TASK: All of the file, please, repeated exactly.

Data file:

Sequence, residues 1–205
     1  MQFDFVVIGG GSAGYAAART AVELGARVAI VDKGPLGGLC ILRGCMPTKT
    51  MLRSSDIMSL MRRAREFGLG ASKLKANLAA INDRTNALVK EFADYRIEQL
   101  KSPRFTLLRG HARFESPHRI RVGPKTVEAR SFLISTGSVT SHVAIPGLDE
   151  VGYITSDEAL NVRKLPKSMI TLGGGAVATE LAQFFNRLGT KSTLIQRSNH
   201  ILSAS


Sequence, residues 1–205
     1  MQFDFVVIGG GSAGYAAART AVELGARVAI VDKGPLGGLC ILRGCMPTKT
    51  MLRSSDIMSL MRRAREFGLG ASKLKANLAA INDRTNALVK EFADYRIEQL
   101  KSPRFTLLRG HARFESPHRI RVGPKTVEAR SFLISTGSVT SHVAIPGLDE
   151  VGYITSDEAL NVRKLPKSMI TLGGGAVATE LAQFFNRLGT KSTLIQRSNH
   201  ILSAS